Teachers are held to the expectation they’ll help mold the future generations of Japan,” Khalil said. “Parents are also held accountable for being responsible for (students’) learning. They work in unison. The teachers are in charge of imparting the knowledge, but it’s up to the student and parent to master that knowledge. It’s not up to the teacher to do that.”

It’s something made perhaps a little easier by the uniformity of curriculum and policy across the country, according to Wunderlich. Books, curriculum and practices are the same wherever students go to school.

Unlike American schools, where curriculum and even textbooks can be as diverse as the culture, she said, Japanese students get the same education wherever they go.

“Theirs are across the country exactly the same,” Wunderlich said. “Here there are so many choices. I think that would be really difficult for a kid who is used to following a routine.”

Khalil said such practices are possible because the Japanese culture is so homogenous. That sameness, she said, allows the country to “still function as a very united society.”

“That’s a challenge (the U.S.) will always have as a country of such diversity,” Khalil said. “The ability to take away and apply things (learned on the trip) here becomes a challenge, because we are not dealing with a homogenous society.”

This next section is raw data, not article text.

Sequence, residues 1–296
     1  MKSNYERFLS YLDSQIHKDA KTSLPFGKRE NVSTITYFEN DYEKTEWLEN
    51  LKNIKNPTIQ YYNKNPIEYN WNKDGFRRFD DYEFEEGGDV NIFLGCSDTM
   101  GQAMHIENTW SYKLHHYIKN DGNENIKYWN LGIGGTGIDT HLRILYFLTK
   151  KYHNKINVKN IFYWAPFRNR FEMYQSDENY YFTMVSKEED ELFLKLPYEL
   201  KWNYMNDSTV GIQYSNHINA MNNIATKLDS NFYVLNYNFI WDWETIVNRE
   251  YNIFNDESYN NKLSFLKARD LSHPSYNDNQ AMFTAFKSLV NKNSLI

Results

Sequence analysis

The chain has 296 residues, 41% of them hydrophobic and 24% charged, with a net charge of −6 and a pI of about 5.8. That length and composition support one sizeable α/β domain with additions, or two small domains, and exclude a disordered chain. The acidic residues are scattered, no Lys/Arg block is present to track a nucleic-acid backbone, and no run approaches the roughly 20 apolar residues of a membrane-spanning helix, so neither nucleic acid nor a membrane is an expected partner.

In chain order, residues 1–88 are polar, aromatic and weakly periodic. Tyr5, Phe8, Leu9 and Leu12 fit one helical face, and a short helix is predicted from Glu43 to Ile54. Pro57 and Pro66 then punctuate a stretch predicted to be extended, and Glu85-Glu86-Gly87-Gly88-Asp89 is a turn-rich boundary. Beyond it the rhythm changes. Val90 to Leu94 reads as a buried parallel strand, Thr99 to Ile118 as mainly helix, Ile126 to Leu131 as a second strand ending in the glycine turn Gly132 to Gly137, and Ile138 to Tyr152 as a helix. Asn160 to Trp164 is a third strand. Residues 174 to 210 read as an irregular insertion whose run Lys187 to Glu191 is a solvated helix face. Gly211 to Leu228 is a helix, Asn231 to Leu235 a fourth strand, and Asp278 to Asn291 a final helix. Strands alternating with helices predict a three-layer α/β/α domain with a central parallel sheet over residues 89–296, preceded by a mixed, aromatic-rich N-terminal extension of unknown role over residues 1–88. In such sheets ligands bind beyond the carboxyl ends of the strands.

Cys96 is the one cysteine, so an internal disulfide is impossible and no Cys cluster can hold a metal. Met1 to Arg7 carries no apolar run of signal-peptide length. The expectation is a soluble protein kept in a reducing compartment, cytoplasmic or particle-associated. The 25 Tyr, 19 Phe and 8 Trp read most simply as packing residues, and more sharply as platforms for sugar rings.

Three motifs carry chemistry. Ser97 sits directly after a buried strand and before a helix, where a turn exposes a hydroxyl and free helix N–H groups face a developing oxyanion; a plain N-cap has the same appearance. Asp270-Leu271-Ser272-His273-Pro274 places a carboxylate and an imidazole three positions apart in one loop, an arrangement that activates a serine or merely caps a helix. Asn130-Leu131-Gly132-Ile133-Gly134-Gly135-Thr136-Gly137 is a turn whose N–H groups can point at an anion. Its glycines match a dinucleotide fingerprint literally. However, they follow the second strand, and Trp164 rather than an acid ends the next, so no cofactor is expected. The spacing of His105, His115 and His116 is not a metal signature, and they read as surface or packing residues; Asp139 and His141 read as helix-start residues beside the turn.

While acknowledging teachers in the U.S., and particularly those with whom she works in Plymouth-Canton, Wunderlich said she was impressed by the level of involvement of the teachers with their students in Japan.

All in

They eat lunch with their students, and take part in both before- and after-school activities.

She went to a Saturday basketball game for one of the host family’s daughters, and there was a teacher, coaching the team.

“The trip made me aware that, in both countries, we have teachers who are passionate about teaching and caring for their kids,” Wunderlich said. “They’re very dedicated.”